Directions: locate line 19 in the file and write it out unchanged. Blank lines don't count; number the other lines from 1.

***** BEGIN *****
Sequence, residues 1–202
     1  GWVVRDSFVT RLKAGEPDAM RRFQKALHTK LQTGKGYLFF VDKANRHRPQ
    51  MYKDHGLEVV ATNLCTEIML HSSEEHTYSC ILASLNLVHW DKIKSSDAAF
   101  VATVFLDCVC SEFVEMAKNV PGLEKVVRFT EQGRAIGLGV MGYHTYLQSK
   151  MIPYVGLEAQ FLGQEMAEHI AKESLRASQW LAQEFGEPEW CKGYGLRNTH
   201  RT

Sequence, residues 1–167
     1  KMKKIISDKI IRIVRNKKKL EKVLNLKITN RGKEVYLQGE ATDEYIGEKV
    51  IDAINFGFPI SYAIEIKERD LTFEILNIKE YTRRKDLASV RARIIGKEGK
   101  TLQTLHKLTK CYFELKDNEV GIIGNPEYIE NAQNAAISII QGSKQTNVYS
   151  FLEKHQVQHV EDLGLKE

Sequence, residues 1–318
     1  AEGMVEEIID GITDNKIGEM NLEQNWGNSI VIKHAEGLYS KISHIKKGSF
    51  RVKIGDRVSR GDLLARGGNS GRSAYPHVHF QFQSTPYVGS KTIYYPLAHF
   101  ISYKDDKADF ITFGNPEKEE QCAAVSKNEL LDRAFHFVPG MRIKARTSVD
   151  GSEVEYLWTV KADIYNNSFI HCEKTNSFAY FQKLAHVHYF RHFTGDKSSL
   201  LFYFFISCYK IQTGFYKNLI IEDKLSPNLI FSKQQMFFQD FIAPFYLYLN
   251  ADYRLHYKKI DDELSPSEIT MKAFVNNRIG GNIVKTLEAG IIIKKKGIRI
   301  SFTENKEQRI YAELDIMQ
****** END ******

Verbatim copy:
   301  SFTENKEQRI YAELDIMQ